management of each bank. The FDIC expects the board of directors of a bank to fully
consider the costs, benefits, and especially the risks of an institution's planned or
ongoing involvement in any business venture. These considerations are particularly
important when the business venture is engaged in a highly leveraged and volatile
activity. Proper risk management requires that the nature of the planned involvement
and the level of risk that can be incurred must be fully understood. Understanding the
risk includes understanding the most likely and worst case scenarios.
From our review of bank risk management programs, we are working with the other
bank supervisors to determine common deficiencies, if any, and determine whether the
institutions involved had sufficient information about the nature of Long-Term Capital's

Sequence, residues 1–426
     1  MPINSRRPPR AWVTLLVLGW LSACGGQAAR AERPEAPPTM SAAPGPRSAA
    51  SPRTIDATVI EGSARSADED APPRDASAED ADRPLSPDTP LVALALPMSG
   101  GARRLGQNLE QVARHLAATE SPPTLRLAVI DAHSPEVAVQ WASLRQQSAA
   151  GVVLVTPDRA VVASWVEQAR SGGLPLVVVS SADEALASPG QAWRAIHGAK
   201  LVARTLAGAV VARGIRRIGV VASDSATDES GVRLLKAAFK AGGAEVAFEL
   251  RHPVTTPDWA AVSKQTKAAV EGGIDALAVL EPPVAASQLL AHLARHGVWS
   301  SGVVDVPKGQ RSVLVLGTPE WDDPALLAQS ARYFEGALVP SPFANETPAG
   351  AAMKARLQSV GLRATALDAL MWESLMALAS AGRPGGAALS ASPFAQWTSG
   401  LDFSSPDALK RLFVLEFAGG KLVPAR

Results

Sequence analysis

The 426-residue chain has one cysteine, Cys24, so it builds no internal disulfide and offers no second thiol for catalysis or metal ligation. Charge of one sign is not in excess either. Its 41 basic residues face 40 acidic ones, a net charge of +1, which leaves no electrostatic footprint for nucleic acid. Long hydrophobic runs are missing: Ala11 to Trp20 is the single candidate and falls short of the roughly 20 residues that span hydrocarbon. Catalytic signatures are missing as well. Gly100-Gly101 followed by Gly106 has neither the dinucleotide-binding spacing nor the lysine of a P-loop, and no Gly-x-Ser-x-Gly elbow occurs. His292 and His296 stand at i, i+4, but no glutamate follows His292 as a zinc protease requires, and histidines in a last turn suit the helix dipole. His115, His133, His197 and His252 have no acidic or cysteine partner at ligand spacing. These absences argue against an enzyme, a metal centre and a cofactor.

strategies and financial condition to make risk determinations. We must also ask
whether profit pressures unduly influenced decisions made by the banks involved and
whether they used proper underwriting standards; that is, whether the amount of risk
associated with Long-Term Capital was reasonable.
Banks that lend to hedge funds face the risk of loan default. But hedge funds may
present banks with other risks. A bank that enters into a derivatives contract with a
hedge fund faces the risk that the hedge fund -- its counterparty -- may fail to perform,
either as the result of its own financial problems or as the result of its own
counterparties' failure to perform. Banks must observe prudent limits on their derivatives
exposure to any single derivatives counterparty. In addition, bank supervisors and other

financial supervisors must determine whether there is a practical way for banks and
other participants to aggregate and assess the concentration risk of these exposures
and whether the nature of the market would allow access to more and better information
to allow the market alone to provide sufficient discipline.
The Long-Term Capital matter has raised other questions that need to be addressed by
the bank supervisory system. For example, Long-Term Capital relied heavily on internal